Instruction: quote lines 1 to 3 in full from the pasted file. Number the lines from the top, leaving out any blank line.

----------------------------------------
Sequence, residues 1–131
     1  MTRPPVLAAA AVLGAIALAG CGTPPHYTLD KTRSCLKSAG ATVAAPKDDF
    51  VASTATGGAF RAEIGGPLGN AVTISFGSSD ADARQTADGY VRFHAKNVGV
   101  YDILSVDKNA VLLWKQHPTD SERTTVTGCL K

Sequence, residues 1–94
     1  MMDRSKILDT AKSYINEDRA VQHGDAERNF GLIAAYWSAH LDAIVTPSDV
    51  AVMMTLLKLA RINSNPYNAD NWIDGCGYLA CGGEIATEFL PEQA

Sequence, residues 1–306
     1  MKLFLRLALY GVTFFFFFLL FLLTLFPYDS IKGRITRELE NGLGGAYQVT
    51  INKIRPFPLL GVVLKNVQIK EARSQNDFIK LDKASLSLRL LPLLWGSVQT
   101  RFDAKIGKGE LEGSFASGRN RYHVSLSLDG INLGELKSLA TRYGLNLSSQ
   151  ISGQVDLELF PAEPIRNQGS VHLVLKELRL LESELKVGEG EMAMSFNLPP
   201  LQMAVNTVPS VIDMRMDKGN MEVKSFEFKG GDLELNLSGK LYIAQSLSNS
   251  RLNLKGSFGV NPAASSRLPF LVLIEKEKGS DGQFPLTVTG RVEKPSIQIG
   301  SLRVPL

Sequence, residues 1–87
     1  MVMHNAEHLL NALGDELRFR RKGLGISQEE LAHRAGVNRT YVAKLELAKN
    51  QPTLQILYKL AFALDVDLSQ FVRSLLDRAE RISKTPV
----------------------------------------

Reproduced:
Sequence, residues 1–131
     1  MTRPPVLAAA AVLGAIALAG CGTPPHYTLD KTRSCLKSAG ATVAAPKDDF
    51  VASTATGGAF RAEIGGPLGN AVTISFGSSD ADARQTADGY VRFHAKNVGV